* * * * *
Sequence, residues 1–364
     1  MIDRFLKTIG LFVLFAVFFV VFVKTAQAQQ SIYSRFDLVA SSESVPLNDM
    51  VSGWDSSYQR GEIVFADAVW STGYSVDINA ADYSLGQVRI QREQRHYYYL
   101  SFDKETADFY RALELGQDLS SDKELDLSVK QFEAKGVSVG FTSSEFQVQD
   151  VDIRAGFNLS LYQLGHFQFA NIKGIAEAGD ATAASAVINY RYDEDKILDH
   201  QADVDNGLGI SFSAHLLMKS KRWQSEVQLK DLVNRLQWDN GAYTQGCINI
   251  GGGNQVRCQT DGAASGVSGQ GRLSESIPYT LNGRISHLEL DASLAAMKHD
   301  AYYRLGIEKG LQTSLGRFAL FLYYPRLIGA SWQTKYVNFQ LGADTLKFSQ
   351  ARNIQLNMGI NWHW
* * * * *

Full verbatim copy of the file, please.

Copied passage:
Sequence, residues 1–364
     1  MIDRFLKTIG LFVLFAVFFV VFVKTAQAQQ SIYSRFDLVA SSESVPLNDM
    51  VSGWDSSYQR GEIVFADAVW STGYSVDINA ADYSLGQVRI QREQRHYYYL
   101  SFDKETADFY RALELGQDLS SDKELDLSVK QFEAKGVSVG FTSSEFQVQD
   151  VDIRAGFNLS LYQLGHFQFA NIKGIAEAGD ATAASAVINY RYDEDKILDH
   201  QADVDNGLGI SFSAHLLMKS KRWQSEVQLK DLVNRLQWDN GAYTQGCINI
   251  GGGNQVRCQT DGAASGVSGQ GRLSESIPYT LNGRISHLEL DASLAAMKHD
   301  AYYRLGIEKG LQTSLGRFAL FLYYPRLIGA SWQTKYVNFQ LGADTLKFSQ
   351  ARNIQLNMGI NWHW